A multi-sensorial experience results once you’ve arrived to the house. I felt the sun penetrating through the large glass panes and the coolness of its floor. These critical details would likely be overlooked if you saw the Farnsworth House in VR. Some companies are making VR accessories like haptic suits: a suit can put on while wearing the VR headset in order to activate other senses, like touch. So perhaps one day you could wear your VR headset and haptic suit to see the Farnsworth House and feel the floor on your bare feet and the sun’s rays piercing through the glass walls, while looking around the minimalist house in the middle of the woods.
Even still, part of the experience is lost. Inevitably mental fatigue sets in after traveling to the house, going on a walking tour, and traveling back home. And nothing prepared me for the eerie sensation of exposure I felt standing inside a house comprised of glass walls. In other words, the Farnsworth House is more than a visual experience: it encapsulates your mind.
An experience can still be had even when an art museum is just a short walk or car ride away. Consider walking on top of Carl Andre’s floor pieces. They consist of a pattern of tiles, usually made of industrial materials like steel, placed together on the gallery floor and intended to be walked on. Hearing my professor lecture about these floor pieces didn’t prepare me for the first time I stepped on one at the Columbus Museum of Art in Columbus, Ohio.
I felt a physical change beneath my feet and I saw the wear from other people’s tracks. Above all, I felt uncomfortable. Knowing that I was doing something that’s typically taboo — touching, let alone walking, on art — made me feel self-conscious at first. I could feel the eyes of other visitors, who may not have encountered Andre’s work before, stare at me in disbelief that I was walking on art, which added to my unease.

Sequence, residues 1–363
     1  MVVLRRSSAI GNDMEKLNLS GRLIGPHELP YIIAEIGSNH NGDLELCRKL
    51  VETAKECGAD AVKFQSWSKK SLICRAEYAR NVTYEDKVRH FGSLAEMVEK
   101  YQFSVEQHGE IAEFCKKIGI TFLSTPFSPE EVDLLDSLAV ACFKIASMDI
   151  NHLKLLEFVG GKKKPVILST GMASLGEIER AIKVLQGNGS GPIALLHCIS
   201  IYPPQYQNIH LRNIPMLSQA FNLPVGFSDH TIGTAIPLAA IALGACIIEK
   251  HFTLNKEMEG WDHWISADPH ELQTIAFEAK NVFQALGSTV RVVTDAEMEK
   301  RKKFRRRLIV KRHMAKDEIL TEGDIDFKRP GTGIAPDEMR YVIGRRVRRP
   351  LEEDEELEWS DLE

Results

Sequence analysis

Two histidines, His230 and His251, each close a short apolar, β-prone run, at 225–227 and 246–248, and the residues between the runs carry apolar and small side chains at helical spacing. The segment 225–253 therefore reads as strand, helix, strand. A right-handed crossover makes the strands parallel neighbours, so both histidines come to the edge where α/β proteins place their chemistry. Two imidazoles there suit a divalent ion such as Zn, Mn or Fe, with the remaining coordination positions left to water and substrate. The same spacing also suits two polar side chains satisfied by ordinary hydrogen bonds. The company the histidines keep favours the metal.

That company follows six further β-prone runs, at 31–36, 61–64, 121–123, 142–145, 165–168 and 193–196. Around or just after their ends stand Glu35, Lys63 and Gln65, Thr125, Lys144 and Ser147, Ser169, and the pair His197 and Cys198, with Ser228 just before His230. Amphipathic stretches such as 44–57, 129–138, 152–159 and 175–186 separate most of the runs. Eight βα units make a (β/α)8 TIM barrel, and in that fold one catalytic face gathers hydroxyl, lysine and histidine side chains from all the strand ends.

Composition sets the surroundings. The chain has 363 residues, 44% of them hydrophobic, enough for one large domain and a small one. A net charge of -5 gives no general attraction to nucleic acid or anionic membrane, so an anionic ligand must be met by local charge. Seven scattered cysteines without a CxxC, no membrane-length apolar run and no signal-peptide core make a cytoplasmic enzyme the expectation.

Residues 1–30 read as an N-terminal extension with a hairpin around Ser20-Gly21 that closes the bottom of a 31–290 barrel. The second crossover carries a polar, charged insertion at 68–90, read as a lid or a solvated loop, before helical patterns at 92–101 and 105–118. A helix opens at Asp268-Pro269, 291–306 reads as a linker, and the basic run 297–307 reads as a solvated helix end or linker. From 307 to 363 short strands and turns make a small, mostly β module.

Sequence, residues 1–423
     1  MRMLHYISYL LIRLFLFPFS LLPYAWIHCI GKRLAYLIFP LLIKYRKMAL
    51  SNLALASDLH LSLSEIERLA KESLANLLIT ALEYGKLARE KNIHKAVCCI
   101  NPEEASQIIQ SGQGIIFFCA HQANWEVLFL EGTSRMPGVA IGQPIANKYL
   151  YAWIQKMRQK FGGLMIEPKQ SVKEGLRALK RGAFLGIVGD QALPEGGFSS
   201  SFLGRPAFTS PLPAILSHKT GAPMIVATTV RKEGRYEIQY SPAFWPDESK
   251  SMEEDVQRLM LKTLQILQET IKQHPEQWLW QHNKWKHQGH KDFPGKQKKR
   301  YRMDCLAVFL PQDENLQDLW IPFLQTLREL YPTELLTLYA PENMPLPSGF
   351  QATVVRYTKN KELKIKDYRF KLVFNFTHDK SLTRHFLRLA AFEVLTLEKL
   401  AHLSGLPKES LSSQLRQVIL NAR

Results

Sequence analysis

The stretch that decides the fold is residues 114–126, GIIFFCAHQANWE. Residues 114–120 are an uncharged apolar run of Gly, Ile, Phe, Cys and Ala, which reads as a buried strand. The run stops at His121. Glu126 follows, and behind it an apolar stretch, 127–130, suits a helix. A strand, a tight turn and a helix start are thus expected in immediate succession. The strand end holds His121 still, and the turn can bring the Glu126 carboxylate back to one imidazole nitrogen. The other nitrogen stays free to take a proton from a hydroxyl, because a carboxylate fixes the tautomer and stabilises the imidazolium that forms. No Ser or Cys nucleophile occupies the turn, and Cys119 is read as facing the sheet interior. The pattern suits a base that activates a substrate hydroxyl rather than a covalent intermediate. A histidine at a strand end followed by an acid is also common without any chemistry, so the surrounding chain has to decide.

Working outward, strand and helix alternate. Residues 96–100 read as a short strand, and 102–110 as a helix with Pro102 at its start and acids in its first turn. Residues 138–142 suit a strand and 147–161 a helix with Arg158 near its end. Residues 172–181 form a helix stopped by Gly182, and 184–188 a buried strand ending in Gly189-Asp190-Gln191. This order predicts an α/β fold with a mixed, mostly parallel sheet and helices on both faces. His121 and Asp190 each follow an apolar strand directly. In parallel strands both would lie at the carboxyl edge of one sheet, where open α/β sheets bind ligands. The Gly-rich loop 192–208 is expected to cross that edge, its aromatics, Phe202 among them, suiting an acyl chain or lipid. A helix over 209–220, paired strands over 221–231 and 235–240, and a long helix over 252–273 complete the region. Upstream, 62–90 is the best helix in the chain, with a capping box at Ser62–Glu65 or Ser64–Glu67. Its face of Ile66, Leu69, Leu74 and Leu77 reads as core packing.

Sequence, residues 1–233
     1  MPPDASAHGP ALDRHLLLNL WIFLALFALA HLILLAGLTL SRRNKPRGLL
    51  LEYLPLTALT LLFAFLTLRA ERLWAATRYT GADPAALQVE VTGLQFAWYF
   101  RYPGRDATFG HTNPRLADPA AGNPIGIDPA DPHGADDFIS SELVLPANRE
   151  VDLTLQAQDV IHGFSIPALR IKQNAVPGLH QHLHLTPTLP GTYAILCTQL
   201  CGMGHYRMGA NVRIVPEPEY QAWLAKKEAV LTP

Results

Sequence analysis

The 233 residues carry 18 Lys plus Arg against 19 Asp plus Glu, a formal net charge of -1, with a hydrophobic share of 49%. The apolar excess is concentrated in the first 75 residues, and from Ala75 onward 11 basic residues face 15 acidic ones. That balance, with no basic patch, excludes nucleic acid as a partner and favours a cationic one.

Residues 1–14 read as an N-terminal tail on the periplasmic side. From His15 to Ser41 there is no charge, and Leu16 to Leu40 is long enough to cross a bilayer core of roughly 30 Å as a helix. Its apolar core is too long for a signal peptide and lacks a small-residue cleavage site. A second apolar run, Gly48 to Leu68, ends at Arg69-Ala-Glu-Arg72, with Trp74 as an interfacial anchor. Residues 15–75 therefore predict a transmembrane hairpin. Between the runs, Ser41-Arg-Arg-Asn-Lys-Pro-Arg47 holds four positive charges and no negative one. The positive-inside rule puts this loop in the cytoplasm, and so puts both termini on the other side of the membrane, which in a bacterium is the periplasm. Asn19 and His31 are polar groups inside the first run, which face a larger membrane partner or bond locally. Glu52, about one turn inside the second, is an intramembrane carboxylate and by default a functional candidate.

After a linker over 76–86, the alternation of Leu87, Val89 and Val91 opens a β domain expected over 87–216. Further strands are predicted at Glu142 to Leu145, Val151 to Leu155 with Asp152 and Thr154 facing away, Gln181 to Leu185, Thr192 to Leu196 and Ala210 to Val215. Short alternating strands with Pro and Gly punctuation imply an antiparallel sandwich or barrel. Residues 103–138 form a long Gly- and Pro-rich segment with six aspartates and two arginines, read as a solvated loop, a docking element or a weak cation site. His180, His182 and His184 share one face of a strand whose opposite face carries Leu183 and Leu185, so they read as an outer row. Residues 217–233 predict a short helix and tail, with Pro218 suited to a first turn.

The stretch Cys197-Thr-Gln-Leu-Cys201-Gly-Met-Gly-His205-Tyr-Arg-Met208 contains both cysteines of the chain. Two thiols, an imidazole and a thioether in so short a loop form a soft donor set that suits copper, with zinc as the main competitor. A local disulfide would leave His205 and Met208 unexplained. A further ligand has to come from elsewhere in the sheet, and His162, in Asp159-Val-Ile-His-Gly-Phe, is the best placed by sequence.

Andre’s floor pieces are more than steel squares in a gallery. They challenge gallery etiquette and call attention to your bodily awareness. That’s why a digital or virtual representation isn’t enough. You’ve got to literally walk on a floor piece and notice your bodily reactions, both physical and mental, when you do what you’re usually told not to do: interact with art.
Observing how other people interact an artwork adds to your own experience. Take the performance “Woman in E,” which recently showed at the Hirshhorn Museum in Washington DC. It featured a woman sitting nearly motionless on a rotating platform, occasionally strumming the same E-minor chord on a guitar; a large circle of long, thin, gold tinsel surrounded her. I was surprised at the reactions of other gallery goers.
I figured most people would pull back the tinsel and go inside the circle to see the performance. That’s what I did: I wanted a first-hand glimpse of what was going on. Yet, many people stood outside the circle, passively observing the performance from a distance through the tinsel. Others pulled the tinsel apart just enough to discreetly record the performance with their smartphone.
A highlight for me was hearing people’s reactions to the piece. Comments such as “why is she doing this?” or “I feel uncomfortable” were plentiful. Seeing art with others raises questions, responses, and different points of view. In other words, it initiates dialogue and gets you thinking, which is precisely what art is intended to do.